With the 11th anniversary of September 11 arriving, Bellmore resident Robert Odabashian decided it was time to commemorate the memory of his cousin, Carl Bedigian, a FDNY first responder who heroically lost his life that day helping others at Ground Zero.
Odabashian decided to dedicate the red maple tree he had planed in front of his house to Bedigian, a tree he had first planted eleven years ago.
“My son Brian used to be a member of the Bellmore Fire Department, and he had really looked up to those who had responded on 9/11...especially Carl,” Odabashian said. “It dawned on us that we wanted to do something special this year in Carl’s memory, and we talked and decided to dedicate the tree I had planted the year he was taken from us as a living memorial to Carl.”
Carl Bedigian, a Queens resident, was 32 years old and had only been married for nine months when he lost his life on that fateful day. Bedigian, a former New York Transit Authority worker, had changed careers and had been serving as a New York Firefighter for eight years at that point, according to his brother Joseph Bedigian.
“My brother was a member of Company 214, stationed out of Bed-Stuy, Brooklyn,” he said. “They were called to respond to the Twin Towers disaster, and we never heard from him again. They eventually found his body along with five other members of his company in the Trade Center lobby several months later in November.”
“It was horrible, but at least we got him back,” Bedigian added. “There are a lot of families that never got anyone back.”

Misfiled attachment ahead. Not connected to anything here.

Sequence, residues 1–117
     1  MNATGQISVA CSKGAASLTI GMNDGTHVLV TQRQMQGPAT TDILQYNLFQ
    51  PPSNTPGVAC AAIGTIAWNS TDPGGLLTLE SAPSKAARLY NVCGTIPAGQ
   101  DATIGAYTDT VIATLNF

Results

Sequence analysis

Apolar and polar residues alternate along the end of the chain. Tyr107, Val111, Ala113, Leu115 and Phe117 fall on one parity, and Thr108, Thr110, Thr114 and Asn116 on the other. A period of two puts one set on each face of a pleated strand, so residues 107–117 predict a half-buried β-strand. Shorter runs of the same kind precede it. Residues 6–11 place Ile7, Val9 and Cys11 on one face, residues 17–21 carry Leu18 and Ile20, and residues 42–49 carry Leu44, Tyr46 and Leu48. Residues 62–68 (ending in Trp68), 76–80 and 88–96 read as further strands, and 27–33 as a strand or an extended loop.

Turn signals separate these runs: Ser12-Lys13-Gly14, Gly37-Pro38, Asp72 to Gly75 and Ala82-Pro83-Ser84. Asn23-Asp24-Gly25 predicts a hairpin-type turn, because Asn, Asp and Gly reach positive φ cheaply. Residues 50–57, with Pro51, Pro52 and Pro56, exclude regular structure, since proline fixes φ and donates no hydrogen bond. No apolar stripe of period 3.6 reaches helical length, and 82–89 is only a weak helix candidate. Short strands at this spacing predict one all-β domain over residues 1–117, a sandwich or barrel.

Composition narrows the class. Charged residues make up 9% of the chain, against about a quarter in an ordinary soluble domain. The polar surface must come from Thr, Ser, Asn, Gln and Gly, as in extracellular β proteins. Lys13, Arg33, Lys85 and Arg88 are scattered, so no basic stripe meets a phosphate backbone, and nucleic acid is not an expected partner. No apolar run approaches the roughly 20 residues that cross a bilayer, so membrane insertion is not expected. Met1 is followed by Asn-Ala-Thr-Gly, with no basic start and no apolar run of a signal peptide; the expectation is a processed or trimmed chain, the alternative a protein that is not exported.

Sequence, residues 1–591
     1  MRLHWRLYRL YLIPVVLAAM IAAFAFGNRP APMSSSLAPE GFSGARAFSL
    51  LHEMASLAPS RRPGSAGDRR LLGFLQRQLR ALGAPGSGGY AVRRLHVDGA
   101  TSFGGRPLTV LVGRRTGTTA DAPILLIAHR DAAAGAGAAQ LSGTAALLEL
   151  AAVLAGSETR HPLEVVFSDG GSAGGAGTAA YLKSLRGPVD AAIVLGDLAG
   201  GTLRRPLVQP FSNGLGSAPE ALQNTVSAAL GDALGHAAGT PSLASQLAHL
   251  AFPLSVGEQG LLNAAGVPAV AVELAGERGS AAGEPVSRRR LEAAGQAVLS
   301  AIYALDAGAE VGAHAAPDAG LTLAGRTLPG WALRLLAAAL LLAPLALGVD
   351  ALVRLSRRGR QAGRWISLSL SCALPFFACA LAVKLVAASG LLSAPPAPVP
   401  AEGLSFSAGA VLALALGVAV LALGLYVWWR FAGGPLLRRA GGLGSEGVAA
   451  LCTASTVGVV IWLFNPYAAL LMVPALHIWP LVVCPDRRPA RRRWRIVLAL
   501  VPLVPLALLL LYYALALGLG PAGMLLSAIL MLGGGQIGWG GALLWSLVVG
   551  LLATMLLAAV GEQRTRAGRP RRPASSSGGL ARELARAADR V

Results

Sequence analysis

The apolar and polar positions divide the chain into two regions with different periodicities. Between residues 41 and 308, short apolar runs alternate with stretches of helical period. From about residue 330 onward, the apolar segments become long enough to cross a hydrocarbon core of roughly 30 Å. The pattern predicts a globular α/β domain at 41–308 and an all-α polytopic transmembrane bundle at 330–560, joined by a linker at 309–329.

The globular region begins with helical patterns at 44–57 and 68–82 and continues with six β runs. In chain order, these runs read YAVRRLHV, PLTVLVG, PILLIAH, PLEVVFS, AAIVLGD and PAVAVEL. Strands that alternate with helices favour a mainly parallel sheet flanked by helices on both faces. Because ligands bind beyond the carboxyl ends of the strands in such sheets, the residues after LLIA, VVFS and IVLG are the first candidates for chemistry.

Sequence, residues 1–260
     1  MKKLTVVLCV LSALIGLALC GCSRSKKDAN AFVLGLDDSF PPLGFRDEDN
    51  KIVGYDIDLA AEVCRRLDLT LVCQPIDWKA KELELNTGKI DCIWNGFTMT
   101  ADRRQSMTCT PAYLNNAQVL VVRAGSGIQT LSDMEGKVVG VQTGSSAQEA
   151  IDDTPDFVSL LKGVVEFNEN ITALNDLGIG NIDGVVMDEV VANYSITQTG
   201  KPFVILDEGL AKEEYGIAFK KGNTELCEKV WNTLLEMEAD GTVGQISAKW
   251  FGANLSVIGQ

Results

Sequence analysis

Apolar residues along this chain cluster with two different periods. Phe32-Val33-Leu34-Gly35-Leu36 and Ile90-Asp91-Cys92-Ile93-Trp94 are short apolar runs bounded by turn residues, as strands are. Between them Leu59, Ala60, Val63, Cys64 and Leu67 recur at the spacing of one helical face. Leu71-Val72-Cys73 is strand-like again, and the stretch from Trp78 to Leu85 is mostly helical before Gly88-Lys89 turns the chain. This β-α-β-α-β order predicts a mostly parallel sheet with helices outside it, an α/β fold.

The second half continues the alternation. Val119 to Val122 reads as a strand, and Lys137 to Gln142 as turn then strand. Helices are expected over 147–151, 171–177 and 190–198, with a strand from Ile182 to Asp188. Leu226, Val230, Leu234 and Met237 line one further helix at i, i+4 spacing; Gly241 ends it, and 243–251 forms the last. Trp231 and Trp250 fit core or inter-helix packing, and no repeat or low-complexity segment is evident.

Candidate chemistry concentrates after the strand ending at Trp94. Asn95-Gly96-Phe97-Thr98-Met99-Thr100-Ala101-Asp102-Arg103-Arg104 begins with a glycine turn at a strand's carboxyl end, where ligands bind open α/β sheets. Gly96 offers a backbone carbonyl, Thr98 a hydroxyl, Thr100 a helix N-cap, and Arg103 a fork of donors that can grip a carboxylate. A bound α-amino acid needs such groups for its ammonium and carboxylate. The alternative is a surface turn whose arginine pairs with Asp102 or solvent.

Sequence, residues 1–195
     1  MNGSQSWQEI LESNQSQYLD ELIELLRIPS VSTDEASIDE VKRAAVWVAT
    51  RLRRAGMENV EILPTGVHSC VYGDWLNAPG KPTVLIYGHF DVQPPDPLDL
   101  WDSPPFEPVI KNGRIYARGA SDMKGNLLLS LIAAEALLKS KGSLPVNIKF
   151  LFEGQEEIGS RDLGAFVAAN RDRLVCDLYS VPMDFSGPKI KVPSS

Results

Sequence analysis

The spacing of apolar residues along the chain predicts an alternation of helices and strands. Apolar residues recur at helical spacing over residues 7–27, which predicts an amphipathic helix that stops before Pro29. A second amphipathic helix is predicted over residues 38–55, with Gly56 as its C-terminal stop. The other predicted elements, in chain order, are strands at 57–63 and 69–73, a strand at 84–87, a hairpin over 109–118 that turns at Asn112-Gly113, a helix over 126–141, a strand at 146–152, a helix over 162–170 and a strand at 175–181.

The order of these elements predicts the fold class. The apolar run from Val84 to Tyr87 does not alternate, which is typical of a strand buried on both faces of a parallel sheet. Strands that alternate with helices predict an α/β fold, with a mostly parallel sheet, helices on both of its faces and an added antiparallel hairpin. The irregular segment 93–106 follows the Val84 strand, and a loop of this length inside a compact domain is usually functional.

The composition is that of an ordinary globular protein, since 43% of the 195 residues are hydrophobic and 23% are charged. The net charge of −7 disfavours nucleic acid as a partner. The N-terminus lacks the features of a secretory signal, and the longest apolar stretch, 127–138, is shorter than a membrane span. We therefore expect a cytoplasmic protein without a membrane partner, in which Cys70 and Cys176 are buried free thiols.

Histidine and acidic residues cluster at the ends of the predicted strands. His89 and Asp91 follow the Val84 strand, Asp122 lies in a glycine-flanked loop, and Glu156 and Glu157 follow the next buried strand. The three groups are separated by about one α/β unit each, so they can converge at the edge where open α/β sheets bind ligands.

A small ceremony was held on Monday in front of Odabashian’s Williams Court home. Family and local politicians, including Legisl. David Denenberg, D-Merrick, and Town Councilwoman Angie Cullin, gathered around the red maple tree, which was adorned with American flags and a plaque.
Father Valentine Rebello of Saint Barnabas the Apostle of Bellmore said a prayer in the name of Carl Bedigian and the other lives lost on 9/11, and anointed the tree with holy water.
Delores Bedigian, Carl’s mother and a Brooklyn resident, tearfully recalled her son’s memory, and was clearly touched by the dedication ceremony in his name.
“It was beautiful today, it really was,” she said. “One day, out of the blue, Robert called us and said he was having this service for Carl, and it was so touching and very, very nice.”
Despite his poignant loss, Robert Odabashian still feels his cousin’s passing served the greater good, as did the passing of the lives of many of the heroes of September 11, 2001.
“Carl was a brave person for what he did,” he said. “All firefighters are brave, all law enforcement, what they do...giving up their lives to help people, especially during 9/11."